Meet Elvira Paz, Staff Researcher in the Spintronics Research Group

April 20, 2023

Today you can meet Elvira Paz. Elvira is Staff Researcher in the Spintronics Research Group at INL – International Iberian Nanotechnology Laboratory. She obtained an MSc (2004) and a PhD (2010) in Physics from the Universidad Autónoma de Madrid | UAM . Her current research focuses on magnetic sensors based on MTJs.

During her PhD, she focused on the growth of epitaxial iron and its structural and magnetic characterization, and afterwards, she performed the lithography of wire and antidot nanostructures to study their magnetic behaviour. She studied the influence of the iron’s magnetic biaxial anisotropy on the nanostructures’ magnetic properties, the combination of the crystalline and the shape anisotropies.

Her research is focused on fabricating and characterising magnetic sensors based on magnetic tunnel junctions. Her main objective is to decrease the sensitivity of the sensors as much as possible to achieve a very accurate measurement of low fields. This allows using sensors in a wider range of applications. During her work at INL – International Iberian Nanotechnology Laboratory she published more than 20 international papers, and two patents application and presented her work at several international conferences.

At INL since 2011, can you tell us a bit about your journey?

I joined INL – International Iberian Nanotechnology Laboratory in March 2011. This has been a long 12 years journey, and during all this time I had evolved professionally and personally. I had the luxury to work in a laboratory with state-of-the-art equipment that gave me the opportunity to study systems that are in our daily lives to try to improve the lives of people. Improving people’s well-being motivates me to keep going. And at the same time being surrounded by international colleges make you travel while working when we talk about different cultures.

How would you explain the importance of your work to a non-scientific person?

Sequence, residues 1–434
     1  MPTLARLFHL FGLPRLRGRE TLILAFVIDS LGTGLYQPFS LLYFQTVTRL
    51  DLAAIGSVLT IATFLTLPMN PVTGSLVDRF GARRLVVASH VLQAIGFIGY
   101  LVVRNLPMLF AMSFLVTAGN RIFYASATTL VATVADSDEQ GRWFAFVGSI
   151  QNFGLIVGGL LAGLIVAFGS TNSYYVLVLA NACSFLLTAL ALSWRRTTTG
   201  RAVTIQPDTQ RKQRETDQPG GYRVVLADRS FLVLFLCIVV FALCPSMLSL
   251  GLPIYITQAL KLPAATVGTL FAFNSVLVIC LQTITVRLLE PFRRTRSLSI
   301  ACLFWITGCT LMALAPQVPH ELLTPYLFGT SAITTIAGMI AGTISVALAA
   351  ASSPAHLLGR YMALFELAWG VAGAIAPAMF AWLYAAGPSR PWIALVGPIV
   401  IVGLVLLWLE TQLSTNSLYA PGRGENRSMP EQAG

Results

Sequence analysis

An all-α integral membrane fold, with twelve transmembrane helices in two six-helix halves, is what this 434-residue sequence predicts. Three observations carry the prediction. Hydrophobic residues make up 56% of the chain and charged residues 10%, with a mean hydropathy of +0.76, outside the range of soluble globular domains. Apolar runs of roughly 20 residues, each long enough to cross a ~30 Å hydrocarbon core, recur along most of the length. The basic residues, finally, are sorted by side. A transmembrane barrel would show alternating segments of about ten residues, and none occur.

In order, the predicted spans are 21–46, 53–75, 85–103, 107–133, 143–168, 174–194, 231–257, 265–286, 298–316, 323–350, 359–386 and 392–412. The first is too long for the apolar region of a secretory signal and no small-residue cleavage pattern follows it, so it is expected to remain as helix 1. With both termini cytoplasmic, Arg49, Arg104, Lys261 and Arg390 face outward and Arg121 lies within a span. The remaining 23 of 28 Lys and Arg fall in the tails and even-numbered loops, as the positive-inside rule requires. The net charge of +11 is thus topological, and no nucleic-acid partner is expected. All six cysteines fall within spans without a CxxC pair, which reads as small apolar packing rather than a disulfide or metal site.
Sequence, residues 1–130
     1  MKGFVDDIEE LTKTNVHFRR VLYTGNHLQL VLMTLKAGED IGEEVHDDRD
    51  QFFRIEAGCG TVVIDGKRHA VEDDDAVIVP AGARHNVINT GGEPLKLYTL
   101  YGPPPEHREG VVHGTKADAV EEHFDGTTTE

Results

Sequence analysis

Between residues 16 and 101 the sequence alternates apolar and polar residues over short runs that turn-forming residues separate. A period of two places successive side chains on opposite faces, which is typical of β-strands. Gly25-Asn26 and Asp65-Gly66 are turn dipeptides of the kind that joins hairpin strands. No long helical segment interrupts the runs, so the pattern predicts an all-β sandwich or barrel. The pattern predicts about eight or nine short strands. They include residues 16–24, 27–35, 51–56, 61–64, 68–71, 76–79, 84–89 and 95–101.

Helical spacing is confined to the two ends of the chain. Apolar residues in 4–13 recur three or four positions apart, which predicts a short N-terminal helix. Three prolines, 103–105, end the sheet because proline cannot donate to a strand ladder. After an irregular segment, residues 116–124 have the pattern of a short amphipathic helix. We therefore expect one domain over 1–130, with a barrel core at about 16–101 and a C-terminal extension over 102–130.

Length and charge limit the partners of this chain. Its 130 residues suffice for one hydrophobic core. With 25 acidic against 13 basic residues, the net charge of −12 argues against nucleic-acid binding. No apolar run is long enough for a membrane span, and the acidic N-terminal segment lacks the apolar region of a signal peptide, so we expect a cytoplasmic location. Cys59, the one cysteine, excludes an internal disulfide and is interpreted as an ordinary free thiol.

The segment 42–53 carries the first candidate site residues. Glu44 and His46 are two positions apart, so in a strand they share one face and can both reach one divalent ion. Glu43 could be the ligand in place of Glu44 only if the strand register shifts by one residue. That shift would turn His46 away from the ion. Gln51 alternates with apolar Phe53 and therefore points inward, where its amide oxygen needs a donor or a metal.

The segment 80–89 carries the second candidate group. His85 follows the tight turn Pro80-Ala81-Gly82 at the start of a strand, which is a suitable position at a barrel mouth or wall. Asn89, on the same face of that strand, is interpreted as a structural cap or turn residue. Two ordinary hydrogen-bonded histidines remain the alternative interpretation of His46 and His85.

My research is focused on magnetic sensors. Magnetic sensors are present in everything that we have around us, from our mobile phones to our home appliances, and lately, there is a lot of research for the car industry to improve autonomous driving.

Recent trends in magnetic sensors are focused on miniaturization, the improvement of features and finding new operating principles based on fundamental studies of new materials and phenomena. Making better sensors and more efficient in terms of energy is a challenge that will be good for us and for the planet and future generations.

How do you feel the landscape will change for women in science over the next 5 years?

I think the landscape is changing, but it is changing faster in the biology area than the physics and electronics, and I don’t see a lot of young women in this area. I think we’ll need a lot more than 5 years to see a change. Diversity and collaboration are two things the scientific community lacks, and both are related to the poor experiences women have in physics.

The only way to have a change is to start to make the girls feel inspired by physics at smaller ages. There are a lot of studies that saw that the environment shapes girls’ interest and motivation in STEM and that female role-model sessions significantly increase the positive impact of expectations of success on STEM choices. We have to work hard on that to see a change in the landscape.